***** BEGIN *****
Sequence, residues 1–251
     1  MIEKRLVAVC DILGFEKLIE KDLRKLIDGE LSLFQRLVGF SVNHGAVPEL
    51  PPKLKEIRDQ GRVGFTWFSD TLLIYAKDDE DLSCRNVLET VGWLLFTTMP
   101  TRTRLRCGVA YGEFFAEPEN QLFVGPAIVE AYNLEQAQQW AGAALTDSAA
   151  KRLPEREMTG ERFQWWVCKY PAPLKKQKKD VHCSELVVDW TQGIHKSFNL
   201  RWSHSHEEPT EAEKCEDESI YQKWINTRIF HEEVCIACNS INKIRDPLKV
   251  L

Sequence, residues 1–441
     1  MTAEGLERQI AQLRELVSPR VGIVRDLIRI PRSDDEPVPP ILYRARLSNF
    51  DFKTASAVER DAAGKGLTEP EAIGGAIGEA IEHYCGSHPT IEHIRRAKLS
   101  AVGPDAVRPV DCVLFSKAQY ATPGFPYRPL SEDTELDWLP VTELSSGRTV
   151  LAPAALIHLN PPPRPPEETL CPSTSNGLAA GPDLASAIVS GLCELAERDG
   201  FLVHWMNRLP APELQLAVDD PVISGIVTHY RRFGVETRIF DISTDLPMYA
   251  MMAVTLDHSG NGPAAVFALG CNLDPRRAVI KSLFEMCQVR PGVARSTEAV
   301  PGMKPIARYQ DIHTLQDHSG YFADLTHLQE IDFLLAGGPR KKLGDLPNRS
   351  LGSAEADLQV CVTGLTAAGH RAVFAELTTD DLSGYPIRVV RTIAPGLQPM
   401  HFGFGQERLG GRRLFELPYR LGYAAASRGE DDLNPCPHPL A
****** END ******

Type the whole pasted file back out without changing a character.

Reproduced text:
Sequence, residues 1–251
     1  MIEKRLVAVC DILGFEKLIE KDLRKLIDGE LSLFQRLVGF SVNHGAVPEL
    51  PPKLKEIRDQ GRVGFTWFSD TLLIYAKDDE DLSCRNVLET VGWLLFTTMP
   101  TRTRLRCGVA YGEFFAEPEN QLFVGPAIVE AYNLEQAQQW AGAALTDSAA
   151  KRLPEREMTG ERFQWWVCKY PAPLKKQKKD VHCSELVVDW TQGIHKSFNL
   201  RWSHSHEEPT EAEKCEDESI YQKWINTRIF HEEVCIACNS INKIRDPLKV
   251  L

Sequence, residues 1–441
     1  MTAEGLERQI AQLRELVSPR VGIVRDLIRI PRSDDEPVPP ILYRARLSNF
    51  DFKTASAVER DAAGKGLTEP EAIGGAIGEA IEHYCGSHPT IEHIRRAKLS
   101  AVGPDAVRPV DCVLFSKAQY ATPGFPYRPL SEDTELDWLP VTELSSGRTV
   151  LAPAALIHLN PPPRPPEETL CPSTSNGLAA GPDLASAIVS GLCELAERDG
   201  FLVHWMNRLP APELQLAVDD PVISGIVTHY RRFGVETRIF DISTDLPMYA
   251  MMAVTLDHSG NGPAAVFALG CNLDPRRAVI KSLFEMCQVR PGVARSTEAV
   301  PGMKPIARYQ DIHTLQDHSG YFADLTHLQE IDFLLAGGPR KKLGDLPNRS
   351  LGSAEADLQV CVTGLTAAGH RAVFAELTTD DLSGYPIRVV RTIAPGLQPM
   401  HFGFGQERLG GRRLFELPYR LGYAAASRGE DDLNPCPHPL A